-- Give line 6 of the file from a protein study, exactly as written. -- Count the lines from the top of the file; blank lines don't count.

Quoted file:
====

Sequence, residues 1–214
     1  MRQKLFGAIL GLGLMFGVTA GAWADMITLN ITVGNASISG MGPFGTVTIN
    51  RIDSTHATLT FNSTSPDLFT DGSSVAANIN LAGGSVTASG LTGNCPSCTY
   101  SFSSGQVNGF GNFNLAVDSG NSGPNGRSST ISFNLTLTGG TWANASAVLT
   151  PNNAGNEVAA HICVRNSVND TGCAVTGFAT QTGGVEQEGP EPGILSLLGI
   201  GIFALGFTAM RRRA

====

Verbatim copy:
   201  GIFALGFTAM RRRA